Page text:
Yī yè zhàng mù
Translation: Use a leaf to cover one’s eyes.
Meaning: To be nitpicking, to focus on the small details and lose sight of the bigger picture.
There was in the State of Chu a poor scholar, who wanted very much to be rich. One day he read from a book that a mantis often hid behind a leaf to ambush its prey and that whoever was in possession of a leaf used by a mantis could become invisible. He looked and looked and finally found one. But to his dismay he accidentally dropped it, and it fell among many other leaves. He had but collected all of them and brought them home. He then put one leaf after another in front of his eyes and asked his wife if she could see him any more. Of course her answers were disappointingly a series of “Yes.” The poor scholar wouldn’t give up and continued trying the leaves and kept asking his wife if he was still visible. Frustrated and annoyed, the wife said “No.” She lied just to get rid of her pestering husband. The poor scholar thought she had told the truth. With the leaf, he rushed to the market and stole from the shoppers thinking that no one could see him. He was caught red-handed. Upon hearing his story, the magistrate couldn’t help bursting into a guffaw, saying, “You silly scholar! With a leaf covering your eyes, you can’t even see a mountain, but others can still see you as who you are!”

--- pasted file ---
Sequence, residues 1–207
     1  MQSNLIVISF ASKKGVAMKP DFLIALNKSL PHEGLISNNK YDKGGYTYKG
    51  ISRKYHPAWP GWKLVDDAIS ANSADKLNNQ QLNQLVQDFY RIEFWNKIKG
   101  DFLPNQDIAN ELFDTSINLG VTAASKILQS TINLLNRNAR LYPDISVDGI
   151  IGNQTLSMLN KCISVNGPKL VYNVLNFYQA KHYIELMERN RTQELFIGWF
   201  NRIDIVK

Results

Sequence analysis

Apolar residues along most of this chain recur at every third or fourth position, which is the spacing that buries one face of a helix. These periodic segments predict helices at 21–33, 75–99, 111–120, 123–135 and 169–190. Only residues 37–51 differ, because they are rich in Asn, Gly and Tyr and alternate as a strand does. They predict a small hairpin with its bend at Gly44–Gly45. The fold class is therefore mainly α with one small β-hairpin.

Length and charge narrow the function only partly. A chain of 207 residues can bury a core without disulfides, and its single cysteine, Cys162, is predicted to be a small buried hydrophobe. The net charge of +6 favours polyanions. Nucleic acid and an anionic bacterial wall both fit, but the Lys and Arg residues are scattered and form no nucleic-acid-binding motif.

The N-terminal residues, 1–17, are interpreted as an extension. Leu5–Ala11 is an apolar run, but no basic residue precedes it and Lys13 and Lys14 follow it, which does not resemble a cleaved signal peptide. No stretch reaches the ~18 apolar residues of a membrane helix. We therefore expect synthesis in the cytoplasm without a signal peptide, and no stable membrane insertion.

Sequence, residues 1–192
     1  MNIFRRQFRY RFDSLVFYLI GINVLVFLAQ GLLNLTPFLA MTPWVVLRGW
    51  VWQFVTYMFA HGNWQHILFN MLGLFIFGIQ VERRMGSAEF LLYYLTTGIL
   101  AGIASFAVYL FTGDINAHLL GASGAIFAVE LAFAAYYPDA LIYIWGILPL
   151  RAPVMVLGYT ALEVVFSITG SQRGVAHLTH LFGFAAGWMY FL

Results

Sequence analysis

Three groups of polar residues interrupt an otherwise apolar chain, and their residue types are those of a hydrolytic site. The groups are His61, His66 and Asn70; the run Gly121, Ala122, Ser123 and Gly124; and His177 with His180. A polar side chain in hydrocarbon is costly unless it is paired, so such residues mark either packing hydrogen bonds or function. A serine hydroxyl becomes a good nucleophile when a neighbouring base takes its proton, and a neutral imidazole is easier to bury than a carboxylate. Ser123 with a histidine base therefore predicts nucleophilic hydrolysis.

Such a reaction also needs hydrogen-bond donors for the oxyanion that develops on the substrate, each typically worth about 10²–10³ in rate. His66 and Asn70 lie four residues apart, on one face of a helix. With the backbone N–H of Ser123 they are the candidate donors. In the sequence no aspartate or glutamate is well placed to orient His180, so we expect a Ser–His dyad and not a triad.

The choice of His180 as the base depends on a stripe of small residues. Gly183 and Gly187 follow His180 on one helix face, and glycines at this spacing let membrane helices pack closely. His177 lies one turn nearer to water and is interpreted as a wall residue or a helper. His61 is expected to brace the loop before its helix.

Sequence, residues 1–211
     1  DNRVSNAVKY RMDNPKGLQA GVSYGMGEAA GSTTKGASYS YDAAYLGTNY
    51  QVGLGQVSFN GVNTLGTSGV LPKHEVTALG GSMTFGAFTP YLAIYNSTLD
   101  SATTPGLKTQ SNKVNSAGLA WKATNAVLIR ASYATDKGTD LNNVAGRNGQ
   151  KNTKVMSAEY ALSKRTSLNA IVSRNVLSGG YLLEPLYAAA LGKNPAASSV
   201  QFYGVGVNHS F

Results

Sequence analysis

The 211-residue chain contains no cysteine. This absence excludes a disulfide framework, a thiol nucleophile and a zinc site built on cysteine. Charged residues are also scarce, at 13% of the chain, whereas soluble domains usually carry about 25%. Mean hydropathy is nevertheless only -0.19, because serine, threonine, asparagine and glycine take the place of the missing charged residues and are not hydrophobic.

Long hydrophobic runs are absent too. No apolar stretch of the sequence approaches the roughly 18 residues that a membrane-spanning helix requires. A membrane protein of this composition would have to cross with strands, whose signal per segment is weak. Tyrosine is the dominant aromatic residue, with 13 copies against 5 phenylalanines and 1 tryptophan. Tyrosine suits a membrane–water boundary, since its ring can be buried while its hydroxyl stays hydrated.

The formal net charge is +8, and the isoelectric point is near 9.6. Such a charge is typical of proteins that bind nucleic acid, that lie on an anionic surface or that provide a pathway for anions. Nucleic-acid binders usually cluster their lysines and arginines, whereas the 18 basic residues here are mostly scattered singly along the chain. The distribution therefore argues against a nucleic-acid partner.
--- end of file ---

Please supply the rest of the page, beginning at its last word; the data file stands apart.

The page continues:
This proverb is to criticize one’s shortsightedness that makes him lose the big picture by concentrating on minute details.
|障||zhàng||to cover, to obstruct (V)|
|障碍||zhàng’ài||obstruction (N), to obstruct (V)|
|盲目||mángmù||to be blind (V)|
You can’t have your views overshadowed by trivial things if you want to make the problems clear.